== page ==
Facebook began to roll out a new design of its homepage today, with a number of subtle features intended to make feed-based social networking more intuitive for the typical user. When the company first showed off its plans last week, we and many others compared some of the changes to microblogging service Twitter and lifestreaming service FriendFeed. But upon using the service, significant differences become more clear — and point to Facebook’s long-term strategy of gradually opening the site up to the web.
With the changes today, Facebook is trying to make existing features — like sorting feeds by friend lists — easier to use, so people can more quickly gather specific types of information from within feeds. Meanwhile, the company has quietly tied its experimental advertising features into core components of the site.
Friend lists, for example, have gone from the drop-down menu format of the older interface to become a core way to read the homepage. You can sort feeds based on the various official Facebook networks you belong to — your hometown, your college, your company — or sort based on custom feeds, public pages and third-party applications. To re-order the feeds, simply click on any type of feed that you see on the left-hand side of the site; the previous design’s sorting feature was hidden within a now-gone horizontal tab. The new homepage purposefully features your networks at the top of the list, so when you click on any of them you see just feeds from people in those networks — and get a feel for sorting feeds in general.
The ability to easily sort customized feeds deserves special attention. For the few of us who have been manually categorizing every Facebook user we’ve befriended since the friends-list feature launched in late 2007, this new interface is very powerful. Now, I can easily see feeds of information from people who I am friends with back home in Oregon, friends from college, people I’ve met in the tech world, fellow reporters and more. For those getting started with this feature, click the “Friends” button in the top navigation bar on the site to see the menu of options for viewing, editing and creating friend lists.
Feed sorting has also become more granular when it comes to applications. You can easily sort Facebook news feeds by individual application, including sorting Facebook’s existing method of adding feeds from other web sites into your Facebook profile — services like Digg, Delicious, Pandora and Google Reader. The new design shows applications on the left-hand side beneath your list of networks and friends. Similar to friend lists, this feature has already been available, but was just more obscure within the interface. As before, if you want to add a direct feed from another web site, you have to go into your user profile page, click on the “Settings” button and choose from its list of sites or the option to add an RSS feed from any blog or site.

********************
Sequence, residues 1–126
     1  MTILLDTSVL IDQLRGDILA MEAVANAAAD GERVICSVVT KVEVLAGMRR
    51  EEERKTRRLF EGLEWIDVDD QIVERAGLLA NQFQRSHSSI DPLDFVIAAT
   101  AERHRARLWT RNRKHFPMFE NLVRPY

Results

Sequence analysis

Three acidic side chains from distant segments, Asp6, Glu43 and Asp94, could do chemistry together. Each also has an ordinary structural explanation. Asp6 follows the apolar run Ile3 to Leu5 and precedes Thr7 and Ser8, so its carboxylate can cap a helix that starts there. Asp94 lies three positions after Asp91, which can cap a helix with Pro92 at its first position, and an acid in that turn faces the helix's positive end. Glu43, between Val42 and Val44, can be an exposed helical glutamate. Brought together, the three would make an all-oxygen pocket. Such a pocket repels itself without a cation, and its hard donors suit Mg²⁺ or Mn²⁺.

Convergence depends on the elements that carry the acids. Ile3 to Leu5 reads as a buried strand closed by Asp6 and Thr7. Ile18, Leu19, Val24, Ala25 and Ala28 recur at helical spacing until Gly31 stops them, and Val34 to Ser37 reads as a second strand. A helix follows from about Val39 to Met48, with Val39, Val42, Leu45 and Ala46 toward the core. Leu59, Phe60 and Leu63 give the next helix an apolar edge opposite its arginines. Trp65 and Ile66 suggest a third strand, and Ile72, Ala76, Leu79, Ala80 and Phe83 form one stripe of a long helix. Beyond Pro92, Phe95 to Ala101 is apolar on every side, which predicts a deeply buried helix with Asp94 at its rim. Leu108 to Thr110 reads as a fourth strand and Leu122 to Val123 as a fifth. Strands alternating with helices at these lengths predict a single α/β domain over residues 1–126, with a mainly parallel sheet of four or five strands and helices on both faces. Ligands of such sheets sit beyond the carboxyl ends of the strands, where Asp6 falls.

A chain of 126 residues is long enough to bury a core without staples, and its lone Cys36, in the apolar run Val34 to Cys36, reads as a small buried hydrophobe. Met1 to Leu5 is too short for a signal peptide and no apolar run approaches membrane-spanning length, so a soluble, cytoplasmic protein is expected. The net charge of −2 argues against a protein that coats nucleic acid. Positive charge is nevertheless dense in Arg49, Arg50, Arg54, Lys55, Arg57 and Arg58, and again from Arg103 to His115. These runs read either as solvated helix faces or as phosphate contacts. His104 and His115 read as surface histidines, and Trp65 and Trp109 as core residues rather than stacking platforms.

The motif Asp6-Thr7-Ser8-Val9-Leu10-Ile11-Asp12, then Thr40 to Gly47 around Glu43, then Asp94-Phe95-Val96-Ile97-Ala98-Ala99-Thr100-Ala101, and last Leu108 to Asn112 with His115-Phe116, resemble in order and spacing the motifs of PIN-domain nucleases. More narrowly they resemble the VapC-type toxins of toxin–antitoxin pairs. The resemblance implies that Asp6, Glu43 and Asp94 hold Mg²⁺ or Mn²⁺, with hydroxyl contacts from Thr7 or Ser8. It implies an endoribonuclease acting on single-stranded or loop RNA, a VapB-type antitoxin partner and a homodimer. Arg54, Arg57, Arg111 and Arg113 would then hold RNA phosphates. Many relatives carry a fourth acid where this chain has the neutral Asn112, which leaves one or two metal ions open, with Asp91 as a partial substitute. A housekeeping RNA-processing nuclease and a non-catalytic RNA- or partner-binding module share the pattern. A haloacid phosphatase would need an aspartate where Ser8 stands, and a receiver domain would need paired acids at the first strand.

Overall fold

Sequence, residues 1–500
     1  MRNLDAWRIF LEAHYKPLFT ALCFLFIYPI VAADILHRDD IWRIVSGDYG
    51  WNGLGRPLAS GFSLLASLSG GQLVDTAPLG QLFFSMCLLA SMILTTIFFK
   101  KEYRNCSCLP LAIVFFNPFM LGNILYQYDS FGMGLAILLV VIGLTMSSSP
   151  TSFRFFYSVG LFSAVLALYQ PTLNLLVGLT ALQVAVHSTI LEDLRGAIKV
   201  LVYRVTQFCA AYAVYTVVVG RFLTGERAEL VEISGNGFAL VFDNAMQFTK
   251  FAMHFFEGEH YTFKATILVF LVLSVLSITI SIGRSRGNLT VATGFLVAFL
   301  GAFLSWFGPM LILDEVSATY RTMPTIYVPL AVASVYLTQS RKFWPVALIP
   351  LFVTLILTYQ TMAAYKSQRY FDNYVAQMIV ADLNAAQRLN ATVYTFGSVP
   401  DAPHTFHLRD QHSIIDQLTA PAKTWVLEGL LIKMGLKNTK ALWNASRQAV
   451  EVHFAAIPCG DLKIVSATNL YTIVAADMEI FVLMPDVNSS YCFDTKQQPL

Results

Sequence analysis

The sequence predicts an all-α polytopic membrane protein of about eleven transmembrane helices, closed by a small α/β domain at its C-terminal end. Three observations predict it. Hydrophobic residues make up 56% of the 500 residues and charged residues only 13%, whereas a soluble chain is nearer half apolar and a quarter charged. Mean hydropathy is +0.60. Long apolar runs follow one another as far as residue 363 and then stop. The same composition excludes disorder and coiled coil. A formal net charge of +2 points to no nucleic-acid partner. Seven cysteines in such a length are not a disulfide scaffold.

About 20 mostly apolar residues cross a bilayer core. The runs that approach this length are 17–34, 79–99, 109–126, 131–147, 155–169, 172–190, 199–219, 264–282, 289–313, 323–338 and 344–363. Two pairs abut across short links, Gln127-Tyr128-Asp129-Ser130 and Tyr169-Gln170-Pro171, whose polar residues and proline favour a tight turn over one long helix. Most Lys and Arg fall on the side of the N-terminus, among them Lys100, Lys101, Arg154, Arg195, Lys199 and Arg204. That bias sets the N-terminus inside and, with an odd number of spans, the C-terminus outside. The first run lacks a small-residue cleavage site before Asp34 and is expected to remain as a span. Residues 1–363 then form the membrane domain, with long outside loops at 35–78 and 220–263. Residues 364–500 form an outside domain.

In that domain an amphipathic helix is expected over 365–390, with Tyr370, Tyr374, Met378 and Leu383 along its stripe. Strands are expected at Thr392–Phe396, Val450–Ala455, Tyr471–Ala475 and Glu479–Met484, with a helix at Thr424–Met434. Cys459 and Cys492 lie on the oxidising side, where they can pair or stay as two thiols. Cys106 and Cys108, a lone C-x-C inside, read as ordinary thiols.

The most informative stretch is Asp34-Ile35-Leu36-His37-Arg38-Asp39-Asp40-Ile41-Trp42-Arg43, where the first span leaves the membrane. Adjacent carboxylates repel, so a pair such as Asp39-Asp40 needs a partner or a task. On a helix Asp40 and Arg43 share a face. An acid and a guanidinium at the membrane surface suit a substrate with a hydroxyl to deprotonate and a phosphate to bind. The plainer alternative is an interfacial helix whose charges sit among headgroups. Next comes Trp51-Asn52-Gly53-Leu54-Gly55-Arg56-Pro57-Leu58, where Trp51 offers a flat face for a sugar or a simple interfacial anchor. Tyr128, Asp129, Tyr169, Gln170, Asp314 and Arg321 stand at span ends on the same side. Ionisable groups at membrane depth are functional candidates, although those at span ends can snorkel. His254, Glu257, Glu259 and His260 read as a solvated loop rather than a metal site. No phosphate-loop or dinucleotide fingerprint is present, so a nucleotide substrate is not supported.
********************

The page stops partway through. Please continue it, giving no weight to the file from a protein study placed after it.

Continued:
However, you cannot manually add your own feeds of applications within the news feed homepage at this time — unlike FriendFeed. Instead, Facebook automatically decides which application feeds appear in the left-hand column of the site, based on how many friends and friend-of-friends have used the application, and how recently they’ve used it, according to Facebook product manager Peter Deng. To me, that’s a problem — I want to decide exactly how to filter feeds, because I want to play around with all sorts of pieces of information coming in. That would be useful for my job as a reporter — and probably many other people’s jobs out there.
While Facebook is limiting use cases, there are probably benefits to doing so. The lack of options could make application-based feed sorting more obvious to users. Instead of being asked about a bunch of options for adding and sorting feeds as in FriendFeed, its just a matter of clicking on any of the subcategories in your list of various feeds.
But it also biases feeds in favor of Facebook’s own applications. This may not be intentional, but as a result of automated feed storing, you tend to see applications built by Facebook — notes, shared items, videos — rather than feeds from third-party sites that provide similar functionality on the web. For example, while web users may prefer using social bookmarking site Delicious to share news stories, the shared items feature in Facebook provides much of the same functionality — and it’s already how most Facebook users share news stories.
Within the feed, Facebook is also featuring information that its users create on other web sites, using Facebook Connect. If you sign into a news web site to leave a comment using Connect, a news feed item will appear with a link to your comment and the story.